As proven by successful companies like Apple and Facebook, gaining popularity among college students can be highly beneficial in terms of brand marketing and lead generation. How can your small business become part of the cool crowd on campus? Companies and experts shared some insights and strategies for marketing your business among college students.
If you want to get talked about on campus, you have to be part of the conversation. According to Business Insider, college students and young professionals still constitute the majority user base for most social networks, including big names like Facebook and Twitter. Consider advertising on these sites to increase brand recognition.
Be aware, however, that although social media may be quickest way of introducing your business to college students, it may not be the most effective means of engaging them. According to a Concentric Marketing report published at Marketing Charts, nearly half of all college students who have social media accounts prefer not to follow brands, and those who do tend to show short-lived or peripheral support.
Perhaps a more promising way of garnering attention among 18- to 22-year-olds is to offer free or discounted merchandise or services. Although this strategy may pose an initial cost, proving the quality of your product can build a base of returning users which more than returns your investment.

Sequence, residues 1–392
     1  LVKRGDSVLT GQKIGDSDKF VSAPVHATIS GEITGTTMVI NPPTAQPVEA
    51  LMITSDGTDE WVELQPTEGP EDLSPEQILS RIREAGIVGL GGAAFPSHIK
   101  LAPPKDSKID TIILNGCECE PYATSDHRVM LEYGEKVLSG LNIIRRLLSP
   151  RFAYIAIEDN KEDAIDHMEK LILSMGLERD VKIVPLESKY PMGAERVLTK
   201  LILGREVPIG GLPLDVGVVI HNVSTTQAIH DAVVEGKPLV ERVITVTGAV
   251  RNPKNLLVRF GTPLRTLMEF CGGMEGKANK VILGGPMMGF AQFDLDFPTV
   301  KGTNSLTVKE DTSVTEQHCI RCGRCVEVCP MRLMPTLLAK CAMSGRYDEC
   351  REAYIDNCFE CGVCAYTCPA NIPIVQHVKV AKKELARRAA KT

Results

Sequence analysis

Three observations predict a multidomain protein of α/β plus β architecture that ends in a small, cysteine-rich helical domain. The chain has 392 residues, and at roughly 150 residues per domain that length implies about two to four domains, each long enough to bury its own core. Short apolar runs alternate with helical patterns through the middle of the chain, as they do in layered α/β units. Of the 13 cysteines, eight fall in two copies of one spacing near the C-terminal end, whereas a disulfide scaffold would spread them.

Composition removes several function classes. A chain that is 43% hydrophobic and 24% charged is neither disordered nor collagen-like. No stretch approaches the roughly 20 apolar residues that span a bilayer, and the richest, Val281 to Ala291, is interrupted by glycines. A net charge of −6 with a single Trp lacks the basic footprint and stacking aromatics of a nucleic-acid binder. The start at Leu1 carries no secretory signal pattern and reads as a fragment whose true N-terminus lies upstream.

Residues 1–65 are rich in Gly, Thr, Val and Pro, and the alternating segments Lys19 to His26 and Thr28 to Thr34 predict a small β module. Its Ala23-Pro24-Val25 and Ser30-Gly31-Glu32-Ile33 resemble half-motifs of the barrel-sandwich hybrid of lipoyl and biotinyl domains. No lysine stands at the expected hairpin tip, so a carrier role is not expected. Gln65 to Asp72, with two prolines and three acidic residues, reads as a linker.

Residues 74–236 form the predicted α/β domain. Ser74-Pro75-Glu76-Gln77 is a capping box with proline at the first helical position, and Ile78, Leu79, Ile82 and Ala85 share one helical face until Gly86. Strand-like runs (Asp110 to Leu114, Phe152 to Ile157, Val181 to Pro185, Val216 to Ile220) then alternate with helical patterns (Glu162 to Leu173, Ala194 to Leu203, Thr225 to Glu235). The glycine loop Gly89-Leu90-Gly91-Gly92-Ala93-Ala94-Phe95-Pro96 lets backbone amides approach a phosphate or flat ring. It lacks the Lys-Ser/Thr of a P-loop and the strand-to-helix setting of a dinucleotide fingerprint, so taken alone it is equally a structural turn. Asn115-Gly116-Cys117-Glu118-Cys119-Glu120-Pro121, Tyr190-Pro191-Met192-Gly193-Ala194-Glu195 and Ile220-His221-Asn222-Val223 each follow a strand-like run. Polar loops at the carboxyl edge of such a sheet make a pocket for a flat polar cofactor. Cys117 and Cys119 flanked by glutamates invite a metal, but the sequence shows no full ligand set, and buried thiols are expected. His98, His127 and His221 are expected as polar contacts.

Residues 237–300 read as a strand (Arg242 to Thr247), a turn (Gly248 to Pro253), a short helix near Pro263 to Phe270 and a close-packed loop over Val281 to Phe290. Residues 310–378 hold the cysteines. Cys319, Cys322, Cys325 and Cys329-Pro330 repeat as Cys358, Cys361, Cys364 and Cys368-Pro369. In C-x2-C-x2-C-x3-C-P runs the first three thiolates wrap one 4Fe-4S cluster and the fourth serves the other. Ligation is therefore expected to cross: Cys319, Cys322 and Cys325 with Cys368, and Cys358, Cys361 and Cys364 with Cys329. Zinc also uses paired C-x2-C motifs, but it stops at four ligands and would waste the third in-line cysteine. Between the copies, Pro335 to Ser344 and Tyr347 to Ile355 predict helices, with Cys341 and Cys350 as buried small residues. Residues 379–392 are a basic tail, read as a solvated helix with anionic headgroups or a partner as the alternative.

Promotions may be offered to students directly at on-campus locations, or by advertising in campus-wide publications like colleges’ daily newspapers or via college radio stations or television channels.
For a more direct approach, consider engaging students themselves as a means of advertising your brand and company on college campuses. According to the University of Kansas Daily Kansan, some businesses, including Spotify and Vineyard Vines, have seen significant success implementing college ambassador programs which hire students to market their products at campus locations and events.
Ambassadors can generate conversation about your brand by advertising the company, answering questions, and offering promotional products in places with high student volume and presenting an approachable alternative to the standard representative. The Daily Kansan pointed out that this approach can benefit not only your business, but also the students involved as ambassadors.
“The networking opportunities are really good,” said Rose Shriver, a film and media senior at Kansas University. “You get to meet a lot of people through the program, and it looks great on a resume.”
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